Business

FE Colleges join in pioneering scheme to address skills deficit

Employers in Northern Ireland are struggling with the most acute staff shortages since the 1990s
Gary McDonald Business Editor

SIX further education colleges in the north have been selected alongside a number of their counterparts in Britain to become part of WorldSkills UK’s new Centre of Excellence, a revolutionary scheme aimed at attracting inward investment and generating economic growth.

The pioneering project, the brainchild of Belfast-born Dr Neil Bentley-Gockmann, will see more than 40,000 young people from all socio-economic groups being armed with world-class skills.

It comes as employers in Northern Ireland are struggling with the most acute staff shortages since the 1990s, amid the rush to reopen from lockdown and a sharp drop in overseas workers due to Covid and Brexit.

Recruitment firms have been flagging up hiring challenges across several sectors of the economy, led by shortfalls in areas such as transport and logistics, hospitality, manufacturing and construction.

There have been major difficulties recruiting chefs, kitchen porters, cleaners and warehouse staff, but issues for employers are spreading to typically higher-paying sectors such as finance, IT, accounting and engineering.

The WorldSkills UK Centre of Excellence – which will be delivered via Belfast Metropolitan College, Northern Regional College, Southern Regional College, South Eastern Regional College, North West Regional College and South West College– aims to mainstream world-class skills by developing a cadre of world-class technical educators.

The three-year pilot project, which began last September, is already impacting more than 20 educational institutions and nearly 1,000 educators across the UK.

The programme will see educators across Northern Ireland receive exclusive training with over 60 hours of intensive Continual Personal Development.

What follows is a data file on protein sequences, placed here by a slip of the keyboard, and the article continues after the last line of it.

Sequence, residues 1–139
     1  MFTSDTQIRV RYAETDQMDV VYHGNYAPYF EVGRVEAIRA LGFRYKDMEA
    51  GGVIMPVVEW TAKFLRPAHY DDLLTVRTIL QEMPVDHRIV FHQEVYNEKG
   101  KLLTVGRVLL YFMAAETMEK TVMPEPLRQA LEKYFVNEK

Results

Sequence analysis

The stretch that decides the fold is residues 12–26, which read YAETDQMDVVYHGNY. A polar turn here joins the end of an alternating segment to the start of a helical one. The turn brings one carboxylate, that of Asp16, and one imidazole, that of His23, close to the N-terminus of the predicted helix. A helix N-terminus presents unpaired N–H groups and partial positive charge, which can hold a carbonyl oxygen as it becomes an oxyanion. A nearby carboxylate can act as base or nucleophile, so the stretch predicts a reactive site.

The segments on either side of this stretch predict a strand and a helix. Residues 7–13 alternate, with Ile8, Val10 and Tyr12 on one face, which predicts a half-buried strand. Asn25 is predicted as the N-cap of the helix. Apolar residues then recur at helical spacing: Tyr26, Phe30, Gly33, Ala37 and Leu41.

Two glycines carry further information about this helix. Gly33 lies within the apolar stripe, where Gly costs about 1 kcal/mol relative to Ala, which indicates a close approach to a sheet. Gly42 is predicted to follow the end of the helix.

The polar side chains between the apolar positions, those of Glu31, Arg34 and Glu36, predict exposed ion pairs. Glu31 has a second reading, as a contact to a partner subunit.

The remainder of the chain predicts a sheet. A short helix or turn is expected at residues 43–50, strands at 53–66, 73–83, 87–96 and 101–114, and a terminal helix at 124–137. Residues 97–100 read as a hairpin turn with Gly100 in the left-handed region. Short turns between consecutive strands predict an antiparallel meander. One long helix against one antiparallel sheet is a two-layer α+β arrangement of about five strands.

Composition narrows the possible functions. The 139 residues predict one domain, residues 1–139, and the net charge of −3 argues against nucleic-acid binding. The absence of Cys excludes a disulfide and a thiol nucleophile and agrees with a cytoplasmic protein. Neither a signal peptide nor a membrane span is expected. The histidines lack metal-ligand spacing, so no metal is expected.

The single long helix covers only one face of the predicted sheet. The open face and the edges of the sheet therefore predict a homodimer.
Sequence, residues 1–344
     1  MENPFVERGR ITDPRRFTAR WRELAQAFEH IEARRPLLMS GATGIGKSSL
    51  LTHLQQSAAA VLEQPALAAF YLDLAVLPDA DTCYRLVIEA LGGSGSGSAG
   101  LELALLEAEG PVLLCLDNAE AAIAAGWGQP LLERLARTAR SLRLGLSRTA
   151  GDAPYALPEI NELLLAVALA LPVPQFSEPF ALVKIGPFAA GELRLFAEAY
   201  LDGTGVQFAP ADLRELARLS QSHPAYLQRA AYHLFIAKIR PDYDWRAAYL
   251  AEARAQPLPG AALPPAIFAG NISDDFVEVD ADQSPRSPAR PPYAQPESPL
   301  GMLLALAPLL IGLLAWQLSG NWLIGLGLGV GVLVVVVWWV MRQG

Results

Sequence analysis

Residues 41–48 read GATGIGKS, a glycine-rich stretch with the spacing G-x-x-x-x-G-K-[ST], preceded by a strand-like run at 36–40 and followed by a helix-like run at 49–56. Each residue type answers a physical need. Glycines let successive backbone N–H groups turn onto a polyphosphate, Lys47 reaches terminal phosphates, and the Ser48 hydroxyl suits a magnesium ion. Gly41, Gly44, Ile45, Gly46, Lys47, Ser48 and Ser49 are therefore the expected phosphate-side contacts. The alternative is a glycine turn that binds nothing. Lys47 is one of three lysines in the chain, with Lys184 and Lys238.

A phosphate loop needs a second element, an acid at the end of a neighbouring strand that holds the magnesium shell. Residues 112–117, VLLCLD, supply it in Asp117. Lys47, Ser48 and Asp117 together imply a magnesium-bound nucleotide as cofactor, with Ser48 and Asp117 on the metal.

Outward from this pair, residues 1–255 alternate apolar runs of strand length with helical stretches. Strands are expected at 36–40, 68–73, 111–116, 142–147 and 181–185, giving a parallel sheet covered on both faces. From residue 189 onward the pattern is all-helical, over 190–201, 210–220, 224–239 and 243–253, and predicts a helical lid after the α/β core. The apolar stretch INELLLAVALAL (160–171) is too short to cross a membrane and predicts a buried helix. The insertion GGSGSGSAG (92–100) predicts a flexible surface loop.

The programme covers three strands - train the trainer modules; real time harnessing of international industry best practice through current preparation for WorldSkills Shanghai 2022; and influencing setters of training standards.

Dr Bentley-Gockman, as chief executive of WorldSkills UK, is at the forefront of skills development in the UK, working internationally to gain insight and expertise from skills systems right across the globe.

He said: “In order to deliver the world class skills that employers demand to be internationally competitive, we need to invest in the educators who are training young people for the future. This latest initiative has proved to be hugely oversubscribed – and we are working tirelessly to help as many young women and men as possible.

“We are mainstreaming excellence in training standards and delivering it directly to tens of thousands of young students and apprentices at their places of learning which is key to boosting the economy by attracting inward investment and creating high quality jobs – and that is what we are delivering for the benefit of all.

“World Skills UK are uniquely placed to undertake such a project, utilising over 65 years of international benchmarking experience, having mentored and trained thousands of young people to world-class standards, in dozens of technical disciplines and tested in elite international competition.”

Brian Doran, chief executive and principal of Southern Regional College said: “By tapping into the expertise that already exists within the team of WorldSkills UK high performance coaches and using best practice from across the globe, we are building a more inclusive and higher skilled workforce that can support more young people to achieve high standards and work skills that meet employer needs, especially in growth sectors.”

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